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Legislature approves final budget bills, Paterson vetoes school aid restoration


By Mark Scott

Albany, NY – The State Legislature approved remaining spending bills to complete action on the 2010-11 fiscal year budget. Lawmakers restored $600 million in state school aid to local districts. But Governor David Paterson immediately veoted $419 million of that increase and said more vetoes are coming.

Democratic leaders of both houses were unable to say how much the budget will cost state taxpayers.

Republican State Senator Michael Ranzenhofer of Clarence said it was "just astounding."

"No one would buy a car without knowing how much it costs," Ranzenhofer said.

Paterson said lawmakers are trying to spend money that the state does not have -- and challenged the legislature to muster the two-thirds majority needed to override his veto.

"I'm doing it because it's right for the state and hopefully it will bring our budget eventually into balance," he said. "What the Legislature does with it is the Legislature's prerogative, and I'll await their consideration. But they will have to override about 6,900 vetoes."

He referred to all the additional $500 million in spending and policy changes the Legislature added to his budget proposal from January as well as $190 million worth of pork-barrel grants that lawmakers send back home to their districts, an important tool in election years like this one.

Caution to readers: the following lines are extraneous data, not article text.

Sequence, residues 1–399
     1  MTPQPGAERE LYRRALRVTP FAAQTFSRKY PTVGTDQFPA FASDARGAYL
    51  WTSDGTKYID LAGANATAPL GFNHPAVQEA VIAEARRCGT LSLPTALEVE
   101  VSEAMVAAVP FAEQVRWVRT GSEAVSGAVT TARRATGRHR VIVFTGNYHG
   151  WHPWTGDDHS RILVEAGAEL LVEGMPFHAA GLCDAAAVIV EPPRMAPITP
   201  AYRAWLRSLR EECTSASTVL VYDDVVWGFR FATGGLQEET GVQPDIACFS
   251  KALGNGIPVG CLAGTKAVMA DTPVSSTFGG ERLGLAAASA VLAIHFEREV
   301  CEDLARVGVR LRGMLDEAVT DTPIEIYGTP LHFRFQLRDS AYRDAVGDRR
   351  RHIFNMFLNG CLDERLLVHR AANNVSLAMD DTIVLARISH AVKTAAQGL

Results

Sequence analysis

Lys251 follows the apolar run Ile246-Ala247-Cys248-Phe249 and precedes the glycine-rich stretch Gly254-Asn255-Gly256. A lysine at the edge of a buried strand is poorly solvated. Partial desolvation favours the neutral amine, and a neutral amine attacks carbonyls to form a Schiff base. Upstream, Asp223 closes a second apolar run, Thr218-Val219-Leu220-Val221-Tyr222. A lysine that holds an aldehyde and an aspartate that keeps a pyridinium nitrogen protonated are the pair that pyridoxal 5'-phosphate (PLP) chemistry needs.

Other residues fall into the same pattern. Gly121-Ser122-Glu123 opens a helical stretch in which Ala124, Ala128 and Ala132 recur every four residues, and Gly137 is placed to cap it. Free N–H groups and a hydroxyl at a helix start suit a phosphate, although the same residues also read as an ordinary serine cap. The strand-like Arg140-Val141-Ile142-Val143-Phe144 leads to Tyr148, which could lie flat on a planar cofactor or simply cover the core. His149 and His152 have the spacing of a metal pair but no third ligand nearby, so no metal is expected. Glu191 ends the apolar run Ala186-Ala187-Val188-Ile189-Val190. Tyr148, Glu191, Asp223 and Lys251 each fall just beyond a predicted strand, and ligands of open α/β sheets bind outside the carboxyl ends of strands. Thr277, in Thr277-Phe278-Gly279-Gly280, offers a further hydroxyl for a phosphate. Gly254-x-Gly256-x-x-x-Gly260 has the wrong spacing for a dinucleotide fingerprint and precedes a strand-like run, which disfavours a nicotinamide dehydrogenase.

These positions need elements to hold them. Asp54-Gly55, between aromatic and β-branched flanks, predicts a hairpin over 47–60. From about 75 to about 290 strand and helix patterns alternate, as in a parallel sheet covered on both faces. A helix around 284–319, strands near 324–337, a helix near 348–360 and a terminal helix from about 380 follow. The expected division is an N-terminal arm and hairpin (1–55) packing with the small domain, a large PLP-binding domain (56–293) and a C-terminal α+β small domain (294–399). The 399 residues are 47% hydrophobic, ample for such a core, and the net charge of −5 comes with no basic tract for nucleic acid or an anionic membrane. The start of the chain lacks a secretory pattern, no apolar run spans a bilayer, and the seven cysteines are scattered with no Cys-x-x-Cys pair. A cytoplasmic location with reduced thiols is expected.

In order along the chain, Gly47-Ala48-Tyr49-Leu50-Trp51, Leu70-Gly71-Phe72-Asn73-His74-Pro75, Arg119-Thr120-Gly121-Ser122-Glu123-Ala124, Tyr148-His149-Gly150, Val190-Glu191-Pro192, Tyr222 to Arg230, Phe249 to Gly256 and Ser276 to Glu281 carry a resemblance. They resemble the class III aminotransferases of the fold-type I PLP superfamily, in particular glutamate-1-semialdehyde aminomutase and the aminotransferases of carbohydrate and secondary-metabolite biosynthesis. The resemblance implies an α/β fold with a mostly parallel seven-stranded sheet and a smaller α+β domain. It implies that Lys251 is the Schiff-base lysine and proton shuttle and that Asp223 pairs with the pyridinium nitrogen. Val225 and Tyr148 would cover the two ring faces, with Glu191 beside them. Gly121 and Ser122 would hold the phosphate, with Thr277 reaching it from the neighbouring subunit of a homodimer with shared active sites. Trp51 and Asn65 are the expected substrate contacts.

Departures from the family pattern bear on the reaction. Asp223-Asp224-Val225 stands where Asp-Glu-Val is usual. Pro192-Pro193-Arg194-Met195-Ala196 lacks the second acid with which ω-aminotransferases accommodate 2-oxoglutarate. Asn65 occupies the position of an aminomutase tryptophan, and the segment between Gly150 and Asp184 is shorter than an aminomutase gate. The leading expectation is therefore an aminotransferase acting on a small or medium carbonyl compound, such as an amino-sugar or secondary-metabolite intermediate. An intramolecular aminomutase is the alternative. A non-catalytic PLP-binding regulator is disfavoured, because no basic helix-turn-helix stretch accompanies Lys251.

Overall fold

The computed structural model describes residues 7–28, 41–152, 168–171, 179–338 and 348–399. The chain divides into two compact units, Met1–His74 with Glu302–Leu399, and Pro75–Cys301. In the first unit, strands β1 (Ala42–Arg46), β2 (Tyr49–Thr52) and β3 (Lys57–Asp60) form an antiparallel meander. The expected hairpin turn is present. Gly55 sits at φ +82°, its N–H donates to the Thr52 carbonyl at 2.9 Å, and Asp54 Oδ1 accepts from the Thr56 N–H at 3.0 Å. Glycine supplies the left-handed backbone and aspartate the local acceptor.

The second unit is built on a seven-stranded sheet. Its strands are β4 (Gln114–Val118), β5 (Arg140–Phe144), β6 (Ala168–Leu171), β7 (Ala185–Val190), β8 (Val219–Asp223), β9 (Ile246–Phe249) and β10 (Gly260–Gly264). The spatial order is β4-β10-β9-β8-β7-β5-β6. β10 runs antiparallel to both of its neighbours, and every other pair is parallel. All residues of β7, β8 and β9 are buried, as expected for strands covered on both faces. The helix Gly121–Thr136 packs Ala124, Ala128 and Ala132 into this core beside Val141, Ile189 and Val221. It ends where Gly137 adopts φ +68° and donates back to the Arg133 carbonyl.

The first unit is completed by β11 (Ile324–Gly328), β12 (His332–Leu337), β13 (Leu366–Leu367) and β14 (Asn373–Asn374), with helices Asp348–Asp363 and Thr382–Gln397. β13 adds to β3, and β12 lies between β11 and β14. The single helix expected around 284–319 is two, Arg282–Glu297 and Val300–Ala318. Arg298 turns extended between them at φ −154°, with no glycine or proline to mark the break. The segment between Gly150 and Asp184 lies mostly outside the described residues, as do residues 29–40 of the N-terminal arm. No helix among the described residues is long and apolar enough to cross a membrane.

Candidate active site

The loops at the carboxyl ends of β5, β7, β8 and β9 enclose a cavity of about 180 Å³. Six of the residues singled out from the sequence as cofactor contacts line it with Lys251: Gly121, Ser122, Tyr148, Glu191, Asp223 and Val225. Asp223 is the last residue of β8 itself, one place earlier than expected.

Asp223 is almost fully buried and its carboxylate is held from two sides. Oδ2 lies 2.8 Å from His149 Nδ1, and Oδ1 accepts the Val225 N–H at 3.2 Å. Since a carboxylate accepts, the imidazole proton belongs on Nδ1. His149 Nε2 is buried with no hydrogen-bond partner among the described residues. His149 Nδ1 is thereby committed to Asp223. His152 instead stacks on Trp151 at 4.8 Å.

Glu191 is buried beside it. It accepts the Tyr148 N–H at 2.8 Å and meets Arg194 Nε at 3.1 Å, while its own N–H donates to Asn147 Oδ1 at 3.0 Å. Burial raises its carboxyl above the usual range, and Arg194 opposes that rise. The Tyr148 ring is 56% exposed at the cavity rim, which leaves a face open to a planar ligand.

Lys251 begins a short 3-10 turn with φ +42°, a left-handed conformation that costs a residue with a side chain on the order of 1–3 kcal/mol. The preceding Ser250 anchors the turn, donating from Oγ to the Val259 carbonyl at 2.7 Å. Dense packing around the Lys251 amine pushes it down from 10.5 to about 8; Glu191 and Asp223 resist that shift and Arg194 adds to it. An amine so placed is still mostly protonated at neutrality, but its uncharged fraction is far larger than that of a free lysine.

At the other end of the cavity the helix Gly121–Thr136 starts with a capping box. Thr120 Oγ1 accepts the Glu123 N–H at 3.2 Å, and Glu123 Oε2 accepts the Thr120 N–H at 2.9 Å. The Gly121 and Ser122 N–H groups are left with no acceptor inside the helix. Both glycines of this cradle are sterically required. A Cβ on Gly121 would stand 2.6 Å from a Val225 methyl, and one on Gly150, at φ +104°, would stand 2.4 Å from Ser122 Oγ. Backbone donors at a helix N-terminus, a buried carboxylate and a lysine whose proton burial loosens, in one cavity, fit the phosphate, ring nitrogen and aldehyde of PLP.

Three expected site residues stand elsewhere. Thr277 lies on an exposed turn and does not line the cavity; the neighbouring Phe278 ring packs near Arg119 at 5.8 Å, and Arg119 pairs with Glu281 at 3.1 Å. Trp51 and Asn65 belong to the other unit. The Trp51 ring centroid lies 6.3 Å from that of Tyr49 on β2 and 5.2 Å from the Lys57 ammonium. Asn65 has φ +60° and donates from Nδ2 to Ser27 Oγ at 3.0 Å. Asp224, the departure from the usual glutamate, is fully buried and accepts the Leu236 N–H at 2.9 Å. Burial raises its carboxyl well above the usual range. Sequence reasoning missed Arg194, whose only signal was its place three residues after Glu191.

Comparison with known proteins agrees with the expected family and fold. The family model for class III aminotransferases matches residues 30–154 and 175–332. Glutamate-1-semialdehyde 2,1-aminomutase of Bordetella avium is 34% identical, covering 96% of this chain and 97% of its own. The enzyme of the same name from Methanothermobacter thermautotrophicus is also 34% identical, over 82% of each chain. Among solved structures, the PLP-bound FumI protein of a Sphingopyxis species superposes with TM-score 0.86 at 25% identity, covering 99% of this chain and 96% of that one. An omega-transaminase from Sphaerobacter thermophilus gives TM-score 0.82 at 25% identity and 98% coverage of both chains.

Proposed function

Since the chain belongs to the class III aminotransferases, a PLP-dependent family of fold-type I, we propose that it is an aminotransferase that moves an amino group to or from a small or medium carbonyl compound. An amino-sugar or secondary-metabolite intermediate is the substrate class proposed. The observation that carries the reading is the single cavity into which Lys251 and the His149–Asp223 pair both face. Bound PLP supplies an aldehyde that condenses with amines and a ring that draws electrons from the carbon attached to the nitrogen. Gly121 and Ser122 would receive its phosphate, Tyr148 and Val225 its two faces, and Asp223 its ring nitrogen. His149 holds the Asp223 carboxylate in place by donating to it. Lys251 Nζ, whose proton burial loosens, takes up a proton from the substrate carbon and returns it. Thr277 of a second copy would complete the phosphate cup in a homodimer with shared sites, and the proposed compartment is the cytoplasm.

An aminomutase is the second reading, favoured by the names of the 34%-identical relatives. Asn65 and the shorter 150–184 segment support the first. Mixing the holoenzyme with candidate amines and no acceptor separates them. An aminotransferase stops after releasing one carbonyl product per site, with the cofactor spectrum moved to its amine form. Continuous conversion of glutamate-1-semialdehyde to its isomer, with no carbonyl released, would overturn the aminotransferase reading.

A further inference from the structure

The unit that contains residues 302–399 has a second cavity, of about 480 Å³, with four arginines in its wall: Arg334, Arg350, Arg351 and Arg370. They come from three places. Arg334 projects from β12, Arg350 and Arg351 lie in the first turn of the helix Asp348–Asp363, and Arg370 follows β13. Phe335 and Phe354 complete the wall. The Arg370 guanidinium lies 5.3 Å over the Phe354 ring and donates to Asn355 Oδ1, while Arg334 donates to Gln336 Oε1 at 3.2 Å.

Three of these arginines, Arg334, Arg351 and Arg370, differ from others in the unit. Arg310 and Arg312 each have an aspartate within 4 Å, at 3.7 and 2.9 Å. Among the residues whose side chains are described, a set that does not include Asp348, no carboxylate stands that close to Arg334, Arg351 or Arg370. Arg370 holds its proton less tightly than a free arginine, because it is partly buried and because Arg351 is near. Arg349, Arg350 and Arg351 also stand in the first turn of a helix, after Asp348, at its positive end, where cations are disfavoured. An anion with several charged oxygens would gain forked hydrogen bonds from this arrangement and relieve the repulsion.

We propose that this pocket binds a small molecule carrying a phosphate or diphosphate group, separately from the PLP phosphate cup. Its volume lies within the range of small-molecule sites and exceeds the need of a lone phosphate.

"I never take any joy in vetoing education money, health care, services for the poor and the indigent," Paterson said. "It breaks my heart to do this."

He said the reason for doing it was that "to do otherwise would be proverbially kicking the can down the road and creating a greater problem."

He called the major elements of the budget approved Monday irresponsible and unbalanced.

The Legislature-approved budget did not include a State University of New York reform bill that would have given UB and other SUNY schools more autonomy to set tuition rates and enter partnerships with private businesses.

Assembly Speaker Sheldon Silver said vetoes will mean larger classes, higher property taxes and more expensive tuition at the State University of New York and the City University of New York.

"The budget passed by the Legislature would dramatically reduce state spending, restore funding for our schools and maintain our fundamental commitment to ensuring that SUNY and CUNY remain affordable for all New Yorkers," Silver said.

Senate Republican leader Dean Skelos, of Nassau County, said Democrats had "broken their promise to the taxpayers and once again saddled them with spending they cannot afford."

But Republicans have refused to say how they would handle the threat of Paterson's vetoes. Given the hard partisan divide in the Senate, few if any overrides may even be attempted.